Postcard from Saluzzo, Italy: Transforming a former prison into contemporary gallery space not a problem

Located at the top of the highest hill in Saluzzo, Castello dei Marchesi – La Castiglia was an obvious choice for a fortified castle in the 13th century. Beginning with the French occupation in the 1500s, the once grand brick quarters and towers began to spiral into decline, culminating with their transformation in the 1800s into a high-security prison.

In 2006, the prison was converted into a museum. Portions of the former castle are dedicated to displays relating to life in the Middle Ages, while former prison cells now serve as exhibition space for IGAV – Garuzzo Institute for the Visual Arts, dedicated to contemporary Italian art.

Medieval castles. Former factories. Old prisons. Contemporary Italian architects view transforming existing structures into striking museums as ideal challenges for displaying their talents. Adaptive reuse of existing structures is expected.

Yet in Texas, the General Land Office seems so skeptical of the capabilities of architects that the fine historic landmarks on the west side of Alamo Plaza are deemed impossible to convert into a museum for the Alamo. Absurdly wasteful, unimaginative and disrespectful of the past. So, so very sad.

Postcard from Saluzzo, Italy: Drawn to the devil underfoot once again

As we traveled through Italy this past summer, I increasingly became drawn to the devil in the details. This one from an anonymous painting (see image below) of “The Saints” dating from 1516 is among my favorites. The cute little fellow is being crushed somewhat nonchalantly by Saint Catherine of Siena.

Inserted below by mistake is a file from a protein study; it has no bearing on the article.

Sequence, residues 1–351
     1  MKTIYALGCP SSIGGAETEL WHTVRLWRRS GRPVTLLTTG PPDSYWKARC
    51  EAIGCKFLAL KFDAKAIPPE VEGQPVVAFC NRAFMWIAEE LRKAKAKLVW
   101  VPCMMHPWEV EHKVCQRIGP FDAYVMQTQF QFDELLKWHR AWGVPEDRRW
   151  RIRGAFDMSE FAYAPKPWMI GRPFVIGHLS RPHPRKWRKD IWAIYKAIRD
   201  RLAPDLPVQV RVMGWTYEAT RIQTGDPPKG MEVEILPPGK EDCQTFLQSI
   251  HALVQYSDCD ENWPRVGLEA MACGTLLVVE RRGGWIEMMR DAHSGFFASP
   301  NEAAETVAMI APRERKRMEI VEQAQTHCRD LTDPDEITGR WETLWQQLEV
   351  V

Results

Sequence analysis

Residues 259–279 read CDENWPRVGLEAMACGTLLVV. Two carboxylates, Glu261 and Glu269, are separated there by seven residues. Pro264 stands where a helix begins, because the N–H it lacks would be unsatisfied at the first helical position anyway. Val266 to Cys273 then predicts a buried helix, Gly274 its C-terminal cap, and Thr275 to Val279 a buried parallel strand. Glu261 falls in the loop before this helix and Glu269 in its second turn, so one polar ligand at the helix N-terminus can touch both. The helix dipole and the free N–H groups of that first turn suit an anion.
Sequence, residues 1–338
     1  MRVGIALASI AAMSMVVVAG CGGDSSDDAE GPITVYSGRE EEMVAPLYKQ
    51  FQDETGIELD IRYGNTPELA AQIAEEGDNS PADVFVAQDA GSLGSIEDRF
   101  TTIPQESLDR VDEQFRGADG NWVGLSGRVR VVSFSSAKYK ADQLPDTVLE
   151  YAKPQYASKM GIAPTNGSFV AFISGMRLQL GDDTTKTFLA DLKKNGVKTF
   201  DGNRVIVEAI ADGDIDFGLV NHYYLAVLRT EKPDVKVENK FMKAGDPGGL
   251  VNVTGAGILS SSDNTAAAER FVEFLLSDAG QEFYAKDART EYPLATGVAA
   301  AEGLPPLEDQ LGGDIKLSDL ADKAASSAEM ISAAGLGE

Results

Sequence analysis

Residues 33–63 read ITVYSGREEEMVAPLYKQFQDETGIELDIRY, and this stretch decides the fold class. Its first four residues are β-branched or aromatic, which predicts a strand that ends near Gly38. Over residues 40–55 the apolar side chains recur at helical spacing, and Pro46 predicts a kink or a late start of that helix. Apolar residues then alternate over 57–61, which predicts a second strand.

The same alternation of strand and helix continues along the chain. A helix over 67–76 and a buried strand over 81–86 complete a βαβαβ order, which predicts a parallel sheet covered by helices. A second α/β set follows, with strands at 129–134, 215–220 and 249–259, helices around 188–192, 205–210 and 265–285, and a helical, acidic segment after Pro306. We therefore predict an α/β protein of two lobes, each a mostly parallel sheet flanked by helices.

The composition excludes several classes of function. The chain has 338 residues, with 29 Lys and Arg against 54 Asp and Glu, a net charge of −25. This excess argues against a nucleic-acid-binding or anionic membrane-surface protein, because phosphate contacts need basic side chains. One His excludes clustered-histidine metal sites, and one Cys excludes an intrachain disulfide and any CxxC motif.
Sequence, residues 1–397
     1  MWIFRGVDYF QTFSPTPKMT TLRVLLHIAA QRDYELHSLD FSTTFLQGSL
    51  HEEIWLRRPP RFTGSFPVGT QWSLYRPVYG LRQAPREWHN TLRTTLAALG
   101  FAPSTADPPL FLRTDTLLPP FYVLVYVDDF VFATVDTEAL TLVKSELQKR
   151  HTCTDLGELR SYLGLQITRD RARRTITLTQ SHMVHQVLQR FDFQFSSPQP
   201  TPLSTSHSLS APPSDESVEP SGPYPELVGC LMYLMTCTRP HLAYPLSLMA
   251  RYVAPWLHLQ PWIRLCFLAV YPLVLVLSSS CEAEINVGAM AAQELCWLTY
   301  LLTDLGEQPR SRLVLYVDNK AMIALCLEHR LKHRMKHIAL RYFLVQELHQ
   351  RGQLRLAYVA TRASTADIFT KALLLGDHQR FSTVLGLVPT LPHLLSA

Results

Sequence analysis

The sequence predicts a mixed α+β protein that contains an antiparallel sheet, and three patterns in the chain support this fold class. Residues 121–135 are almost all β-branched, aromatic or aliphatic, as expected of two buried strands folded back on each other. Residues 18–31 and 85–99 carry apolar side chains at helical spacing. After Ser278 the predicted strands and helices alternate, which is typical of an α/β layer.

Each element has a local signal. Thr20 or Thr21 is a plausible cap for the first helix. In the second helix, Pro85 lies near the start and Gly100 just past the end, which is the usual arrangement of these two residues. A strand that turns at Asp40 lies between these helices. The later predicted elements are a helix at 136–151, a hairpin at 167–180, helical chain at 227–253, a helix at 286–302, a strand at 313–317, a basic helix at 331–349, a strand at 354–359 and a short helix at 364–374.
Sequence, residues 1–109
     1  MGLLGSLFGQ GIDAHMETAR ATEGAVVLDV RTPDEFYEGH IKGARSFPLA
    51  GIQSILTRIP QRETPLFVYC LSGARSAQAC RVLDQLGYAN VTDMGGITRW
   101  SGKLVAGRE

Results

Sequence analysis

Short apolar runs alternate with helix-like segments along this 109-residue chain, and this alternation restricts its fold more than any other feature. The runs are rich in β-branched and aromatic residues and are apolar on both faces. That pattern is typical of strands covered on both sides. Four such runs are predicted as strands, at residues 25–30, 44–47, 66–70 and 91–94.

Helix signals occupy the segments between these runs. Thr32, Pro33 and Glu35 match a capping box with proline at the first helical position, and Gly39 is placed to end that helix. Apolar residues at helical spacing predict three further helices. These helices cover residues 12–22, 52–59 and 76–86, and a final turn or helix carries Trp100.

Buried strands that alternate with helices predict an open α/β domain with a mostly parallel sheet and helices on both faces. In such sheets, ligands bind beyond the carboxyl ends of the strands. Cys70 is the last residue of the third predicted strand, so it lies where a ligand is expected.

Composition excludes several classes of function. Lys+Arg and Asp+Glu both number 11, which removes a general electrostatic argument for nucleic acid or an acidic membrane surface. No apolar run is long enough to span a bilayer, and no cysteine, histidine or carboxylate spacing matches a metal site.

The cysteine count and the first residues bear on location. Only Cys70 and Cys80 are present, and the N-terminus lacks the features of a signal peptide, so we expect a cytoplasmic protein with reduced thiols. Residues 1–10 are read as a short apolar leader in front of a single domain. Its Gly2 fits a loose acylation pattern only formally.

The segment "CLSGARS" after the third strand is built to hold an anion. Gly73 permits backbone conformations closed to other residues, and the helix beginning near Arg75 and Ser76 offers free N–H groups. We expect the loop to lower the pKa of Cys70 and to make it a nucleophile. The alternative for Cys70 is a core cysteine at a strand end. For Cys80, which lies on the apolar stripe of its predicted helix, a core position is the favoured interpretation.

“The Saints” hangs in the Museo Civico Casa Cavassa. Construction of the palace was begun in the 14th century. The medieval building came into the possession of Galeazzo Cavassa in 1450 after he became the general vicar of the Marquis of Saluzzo.

His son Francesco transformed the family headquarters into a “modern” center of Renaissance art and culture. Unfortunately, Francesco fell out of favor with a new Marquis, was imprisoned and was subjected to a violent end. The art collection Francesco had assembled was plundered; although the palace remained in the family’s hands until a 1775 sale to the Marquis Emanuele Tapparelli d’Azeglio.

The Marquis Tapparelli was determined to restore Casa Cavassa to its Renaissance appearance, commissioning appropriate furnishings and beginning to fill it with art. Following his death in 1890, the restored structure was turned over to the municipality as a museum.

 

Postcard from Saluzzo, Italy: Meals from last summer

My apologies to the restaurants of Saluzzo. Although they delivered a rich sampling of the foods of the Piedmont region of Italy, the “postcards” are so slow to be delivered everything is now a jumble.

Le Quattro Stagioni d’Italia is a surprisingly large restaurant with a spacious patio always packed with locals. We found ourselves drawn to both food and patio several times. Taverna San Martino is small, cozy and intimate and regarded by many as the best in town. Osteria Nuovi Mondagli is completely unpretentious, with its magnetic draw a shaded patio perched above one of Saluzzo’s picturesque petit plazas.

Obviously, the town kept us well-fed.